Since her diagnosis with epilepsy, going back to school has always looked a little different for Isla Ritchie.

Now as a college freshman, she’s having to perform all her back to school responsibilities all by herself.

“People would say, ‘I know how you feel,’ but they really wouldn’t understand how difficult it was to have a seizure a day,” she said.

At the age of eleven, Isla was diagnosed with epilepsy. A year later, after trying out multiple treatment options, she found a solution that worked for her.

Vagus Nerve Stimulation (VNS) therapy helps calm down her brain activity every 30 seconds to prevent seizures.

After she got the VNS device, it became her mission to help her classmates better understand what to do during a seizure.

“(In middle school) I dropped to the ground and almost hit my head on a cabinet or chair,” Isla said. “One of the guys moved all the chairs and called the nurse. They did all the correct things they were supposed to do.”

Flash forward to 2022, she’s now starting her freshman year at Baylor and teaching others like her roommates about her condition.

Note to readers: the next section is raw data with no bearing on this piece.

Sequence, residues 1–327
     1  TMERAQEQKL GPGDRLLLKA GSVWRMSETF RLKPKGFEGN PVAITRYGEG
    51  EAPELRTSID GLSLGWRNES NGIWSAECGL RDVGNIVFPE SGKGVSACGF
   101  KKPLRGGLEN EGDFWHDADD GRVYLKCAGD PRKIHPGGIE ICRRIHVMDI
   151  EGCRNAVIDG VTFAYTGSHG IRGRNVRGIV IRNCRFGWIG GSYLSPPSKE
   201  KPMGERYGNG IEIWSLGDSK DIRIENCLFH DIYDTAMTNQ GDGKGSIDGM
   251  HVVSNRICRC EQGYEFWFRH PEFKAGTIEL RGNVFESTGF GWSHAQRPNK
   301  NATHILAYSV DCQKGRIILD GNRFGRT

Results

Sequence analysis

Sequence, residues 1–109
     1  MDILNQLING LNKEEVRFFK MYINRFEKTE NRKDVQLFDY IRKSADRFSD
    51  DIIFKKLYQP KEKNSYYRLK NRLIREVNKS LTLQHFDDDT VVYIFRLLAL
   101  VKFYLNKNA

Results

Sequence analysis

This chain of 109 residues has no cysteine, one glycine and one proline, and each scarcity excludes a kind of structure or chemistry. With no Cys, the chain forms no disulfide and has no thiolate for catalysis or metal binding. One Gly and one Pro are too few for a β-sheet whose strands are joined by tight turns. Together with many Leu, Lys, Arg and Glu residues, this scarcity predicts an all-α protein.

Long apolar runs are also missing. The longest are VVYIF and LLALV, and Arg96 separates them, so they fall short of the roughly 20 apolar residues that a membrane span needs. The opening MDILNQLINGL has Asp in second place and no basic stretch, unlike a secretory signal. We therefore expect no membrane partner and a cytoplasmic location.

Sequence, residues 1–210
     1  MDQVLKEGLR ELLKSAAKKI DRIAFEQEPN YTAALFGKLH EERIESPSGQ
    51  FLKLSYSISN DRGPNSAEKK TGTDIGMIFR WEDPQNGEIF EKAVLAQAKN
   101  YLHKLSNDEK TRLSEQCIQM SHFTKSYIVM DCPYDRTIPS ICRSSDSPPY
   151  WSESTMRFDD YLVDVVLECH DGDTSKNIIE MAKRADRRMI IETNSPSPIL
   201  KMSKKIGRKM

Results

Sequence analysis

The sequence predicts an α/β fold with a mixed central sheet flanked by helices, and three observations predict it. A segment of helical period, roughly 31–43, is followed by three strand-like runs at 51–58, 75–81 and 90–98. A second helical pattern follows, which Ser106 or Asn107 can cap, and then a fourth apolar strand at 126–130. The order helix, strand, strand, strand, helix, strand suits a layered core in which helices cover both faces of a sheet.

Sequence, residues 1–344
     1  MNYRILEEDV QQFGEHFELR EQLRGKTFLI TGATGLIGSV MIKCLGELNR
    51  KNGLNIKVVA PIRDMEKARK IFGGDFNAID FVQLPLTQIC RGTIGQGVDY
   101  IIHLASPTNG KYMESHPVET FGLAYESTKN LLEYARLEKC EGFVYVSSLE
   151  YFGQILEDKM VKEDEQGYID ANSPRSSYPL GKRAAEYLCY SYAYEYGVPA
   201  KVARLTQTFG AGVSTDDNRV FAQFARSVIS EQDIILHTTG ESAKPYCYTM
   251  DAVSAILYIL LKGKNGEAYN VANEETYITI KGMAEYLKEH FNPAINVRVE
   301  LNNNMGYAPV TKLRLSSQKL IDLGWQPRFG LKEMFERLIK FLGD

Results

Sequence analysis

“When I told them they were like ‘I’m sorry about this,’ like, don’t be sorry,” Isla said. “They fully supported me and wanted to know what to do if I had a seizure.”

Isla is now on her own, filling her own prescriptions and attending doctor appointments. Her mom Lisa Ritchie couldn’t be prouder.

“A few years ago I never would’ve thought this was going to be an option for her,” Lisa said.

At her dream school Isla is fulfilling a dream she never thought possible.

“It’s been amazing,” Isla said. “I’ve met so many people – people in my class, people in clubs I’ve joined. And they’re all here to support me through what I’ve been through and what I have.”

This Saturday marks three years since a teen with epilepsy had her last seizure.


Source:, Alex Fulton